Highlights Vol 20, No. 11 - November 2016

Promoting accessible and inclusive cities for all

“The 2030 Agenda for Sustainable Development highlights the importance of the inclusion of disability in urban development,” UN DESA’s Under-Secretary-General Wu Hongbo said as he addressed the opening of the High Level Forum on Disability Inclusion and Accessible Urban Development, which took place on the eve of the UN Conference on Housing and Sustainable Human Settlements (Habitat III) in Quito, Ecuador, on 16 October.

Bringing together more than 100 global urban planning and disability experts, the event honed in on finding solutions to make urban development inclusive of and accessible to the world’s one billion persons with disabilities, many of whom live in cities.

Aimed at supporting States and related stakeholders in jointly advancing accessible and inclusive urban development, the event resulted in a set of key recommendations to build inclusive and accessible cities and implement the New Urban Agenda for all, including persons with disabilities.

HabitatIII_team“The achievement of a truly inclusive urban development requires a holistic and people-centered approach”, said Mr. Wu. “We must involve and engage persons with disabilities as both agents and beneficiaries of development. This is essential for the collective good in urban development.”

Currently, for the world’s one billion persons living with disabilities, most cities and towns present significant barriers to inclusion and participation, ranging from inaccessible infrastructures, to lack of user-sensitive designed facilities or limited access to basic public services.

Inclusion and accessibility are preconditions to guarantee the development of fully integrated and sustainable cities in the framework of the new urban agenda.

Prior to the High Level Forum, organized by UN DESA and the Ministry of Housing and Urban Development, Government of Ecuador, UN DESA released a new publication titled “Good Practices of Accessible Urban Development” to illustrate and encourage more initiatives and concrete actions from both developing and developed countries in advancing urban development to be accessible and inclusive to all, including persons with disabilities and other special needs.

Highlighting key experiences and lessons learned from 24 case studies, the publication contributes to the ongoing discourse around accessible urban development in light of Habitat III and the “New Urban Agenda”. It also provides specific recommendations to advance inclusive urban development for all.

For more information:

High Level Forum on Disability Inclusion and Accessible Urban Development
Opening statement of UN DESA’s Under-Secretary-General Mr. Wu Hongbo
Publication: “Good Practices of Accessible Urban Development”

UN DESA, WTO and ITC partner on ePing notification alert system

George, a farmer in Africa, produces peppers for export to a food processing company in Europe. Upon reaching the destination market George finds out that his produce cannot go through customs because his peppers do not meet newly introduced requirements and standards applied in Europe. George has to decide either to destroy his produce or ship it back home. George’s situation is a made up story, but is too often a reality for many small and medium-sized enterprises (SMEs) in developing countries. For many exporters like George, this obviously can result in substantive costs, a possible loss of clients, as well as having an adverse impact on suppliers and on the employment of people working for them.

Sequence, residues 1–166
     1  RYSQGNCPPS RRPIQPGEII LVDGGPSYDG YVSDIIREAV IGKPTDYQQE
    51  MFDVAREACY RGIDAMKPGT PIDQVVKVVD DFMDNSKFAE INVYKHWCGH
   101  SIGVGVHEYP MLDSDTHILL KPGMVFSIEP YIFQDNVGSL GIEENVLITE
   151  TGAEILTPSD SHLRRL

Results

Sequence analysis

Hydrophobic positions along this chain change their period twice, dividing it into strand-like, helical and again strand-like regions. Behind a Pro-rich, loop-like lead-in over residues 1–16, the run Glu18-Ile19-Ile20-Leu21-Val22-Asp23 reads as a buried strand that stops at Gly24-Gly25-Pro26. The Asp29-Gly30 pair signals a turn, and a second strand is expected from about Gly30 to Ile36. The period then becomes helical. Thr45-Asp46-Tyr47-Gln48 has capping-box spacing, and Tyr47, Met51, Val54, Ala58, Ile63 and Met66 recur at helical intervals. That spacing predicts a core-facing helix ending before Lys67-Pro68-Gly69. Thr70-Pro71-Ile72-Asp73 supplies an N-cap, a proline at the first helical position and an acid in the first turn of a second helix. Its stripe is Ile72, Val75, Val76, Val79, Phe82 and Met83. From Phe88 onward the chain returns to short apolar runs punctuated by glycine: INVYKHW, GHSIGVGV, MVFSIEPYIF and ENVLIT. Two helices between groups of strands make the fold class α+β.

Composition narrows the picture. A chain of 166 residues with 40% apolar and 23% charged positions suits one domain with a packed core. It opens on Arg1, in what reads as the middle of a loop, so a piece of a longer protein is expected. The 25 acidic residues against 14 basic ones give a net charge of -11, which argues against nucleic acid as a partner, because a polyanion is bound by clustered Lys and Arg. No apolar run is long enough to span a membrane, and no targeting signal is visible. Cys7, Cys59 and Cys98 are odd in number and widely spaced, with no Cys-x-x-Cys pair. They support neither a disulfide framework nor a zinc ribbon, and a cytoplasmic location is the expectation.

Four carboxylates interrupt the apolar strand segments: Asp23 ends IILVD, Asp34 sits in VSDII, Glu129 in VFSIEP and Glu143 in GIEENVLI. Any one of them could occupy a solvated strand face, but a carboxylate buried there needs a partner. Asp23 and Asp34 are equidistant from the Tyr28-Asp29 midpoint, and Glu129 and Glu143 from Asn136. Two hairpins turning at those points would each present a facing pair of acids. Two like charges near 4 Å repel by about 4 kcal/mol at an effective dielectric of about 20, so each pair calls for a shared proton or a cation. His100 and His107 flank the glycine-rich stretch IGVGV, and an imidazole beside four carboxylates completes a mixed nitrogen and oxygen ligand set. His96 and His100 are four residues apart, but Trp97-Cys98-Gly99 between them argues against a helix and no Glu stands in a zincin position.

To avoid these situations, members of the WTO have to notify other members when they introduce changes before adopting new product standards that affect international trade and provide others with an opportunity to comment. These obligations are spelled out in the WTO Sanitary and Phytosanitary (SPS) Agreement and the Technical Barriers to Trade (TBT) Agreement.

Each year the WTO receives more than 3,500 notifications proposing new SPS and TBT measures affecting international trade. For trade officials, producers and exporters in developing countries, keeping track of these notifications and reacting to them in due time is an enormous task.

ePing notification system alerting trade officials, producers and exporters on new requirements

The ePing system, an SPS and TBT notification alert system developed by UN DESA in cooperation with the WTO and ITC, helps people like George to navigate through the massive amount of notifications. The ePing system is a publicly available, free of charge online service.

In the above scenario, with this new service George can now self-subscribe to free automatic emails listing notifications that deal with peppers and markets of interest to his business. The system will help him to track and provide comments on TBT or SPS measures that are being introduced and/or adapted to changing regulatory conditions. As a result, potential issues can be addressed at an early stage, avoiding disruptions in trade.

The ePing system will be officially launched on 8 November 2016 at the WTO, by UN Assistant Secretary-General for Economic Development in UN DESA Lenni Montiel, WTO Deputy Director General Karl Brauner and the Executive Director of ITC Arancha González.

Once the ePing system is launched, the three organizations will focus on rolling it out. Promotion and capacity development activities will be necessary to ensure that the system becomes available to its intended users, like George, and reaches its full potential in helping to lower trade barriers.

For more information:

ePing system

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